An integrated start

by Paul Brown

29 June 2022


New structures, which start this week, aim to deliver more joined-up care, with whole systems working together to optimise services and experience for patients. But success will also require changes in culture and attitude.

Friday 1 July 2022 is a momentous day for the NHS. It is the day that the way we work together across the NHS, completely changes. The boundaries and silos that we have all complained about for years, the purchaser-provider split, and the contractual disputes are all gone. We are no longer competing against each other within a local area, we are working together towards a common goal of improving the health and wellbeing of our populations.

We would like to think that that has always been the case. Patients have been at the centre of the NHS since it began in 1948. But the bureaucracy that has built up around it has not always supported us to work in the way that we would like to.

Now we have an opportunity to change that, as new integrated care boards (ICBs) are established in law, and we enter the era of system working. And this is not just about how care is commissioned, it does not just affect those who have previously worked in clinical commissioning groups. This change will impact how provision works, perhaps even more so than commissioning. It’s time to change that language too. We are working in collaborative systems. We are sharing risk. And we are thinking across pathways to deliver the care that our populations need.

Provider collaboratives will support organisations to work together to join up services across areas. In some places, decisions about service provision, budgets, and contracting may be devolved to groups of trusts, working together in this way. The separation of roles and responsibilities that we have been used to throughout most of our careers, will blur. Much of this joint working will happen at place level, making a real difference to communities and recognising assets beyond just those belonging to the NHS.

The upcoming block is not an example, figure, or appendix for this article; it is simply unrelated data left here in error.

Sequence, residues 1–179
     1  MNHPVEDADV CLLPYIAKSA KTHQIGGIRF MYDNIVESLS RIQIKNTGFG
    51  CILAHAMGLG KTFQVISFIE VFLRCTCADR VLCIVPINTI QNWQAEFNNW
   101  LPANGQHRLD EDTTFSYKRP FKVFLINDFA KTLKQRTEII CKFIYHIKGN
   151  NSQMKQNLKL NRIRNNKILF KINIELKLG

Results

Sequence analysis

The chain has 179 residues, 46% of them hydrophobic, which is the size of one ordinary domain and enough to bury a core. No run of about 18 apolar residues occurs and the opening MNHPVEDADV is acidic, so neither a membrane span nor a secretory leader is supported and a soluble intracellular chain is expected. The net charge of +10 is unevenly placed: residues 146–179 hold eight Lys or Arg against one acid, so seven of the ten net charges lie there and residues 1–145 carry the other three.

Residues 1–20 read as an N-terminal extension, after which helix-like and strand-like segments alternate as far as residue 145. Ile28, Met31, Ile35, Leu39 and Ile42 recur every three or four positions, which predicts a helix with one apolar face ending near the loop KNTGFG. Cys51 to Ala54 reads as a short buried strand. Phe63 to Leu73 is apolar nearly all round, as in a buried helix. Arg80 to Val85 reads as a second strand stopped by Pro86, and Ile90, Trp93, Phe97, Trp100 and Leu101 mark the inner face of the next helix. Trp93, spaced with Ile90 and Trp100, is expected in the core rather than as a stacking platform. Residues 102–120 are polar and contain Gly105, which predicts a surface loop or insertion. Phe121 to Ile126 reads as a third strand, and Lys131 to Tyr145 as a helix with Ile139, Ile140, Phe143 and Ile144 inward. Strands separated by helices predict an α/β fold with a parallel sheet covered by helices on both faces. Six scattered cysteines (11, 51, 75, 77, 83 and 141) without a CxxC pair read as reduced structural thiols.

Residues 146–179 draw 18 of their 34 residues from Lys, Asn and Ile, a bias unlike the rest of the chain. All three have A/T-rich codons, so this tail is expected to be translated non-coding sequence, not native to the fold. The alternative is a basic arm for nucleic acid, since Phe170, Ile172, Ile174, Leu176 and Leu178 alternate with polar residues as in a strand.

But the change of organisational structure will not make any difference unless we change as well. I chaired a roundtable last week where we discussed the challenges we faced in our systems to make this intended change a reality.

One of the things that struck me was how different ICBs will be, in terms of size and starting position. Some, like in Staffordshire and Stoke-on-Trent, are merging several CCGs to form the ICB. Others, such as Northamptonshire and Somerset, are a direct match with the former CCG so are experiencing less uncertainty around roles and structures. Some like Greater Manchester and North East and North Cumbria combine numerous places. But we all face the same challenge of working differently.

ICBs will have a much changed role to that of the predecessor CCGs. They need to model the collaborative working that we need across the system – working transparently with partners. Any ‘us and them’ attitude risks completely derailing the transformational changes that we want to make for our populations.

The system approach to managing financial resources, both revenue and capital, will require staff within ICBs to develop a range of new skills. The competencies developed through working in a commissioning body will continue to be valuable, but they will need to be built upon. Skills and knowledge around capital accounting will be required, for example, to support prioritisation across the local system.

Relationships will be key to success. In my conversations with other ICB chief finance officers, I have been reassured by the similarities in our ambitions and aims. We are all facing similar challenges and it will be important to share experience as ICBs develop. And this is true for finance staff at all levels.

The changes to our ways of working, while welcome, will sometimes be difficult and we will need our networks, through the HFMA, One NHS Finance, and local structures. We must not underestimate the cultural change that the Health and Care Act 2022 is asking us to make.

We often hear that the culture needs to change and, this time, it really does. Our relationships across the finance function will support us in that and will help us to lead the way in our organisations.

Friday 1 July 2022 is the beginning of a journey for the NHS. It could be an exciting one. It will certainly have ups and downs. But let’s make sure that it is an effective one that makes a real difference for the communities that we serve.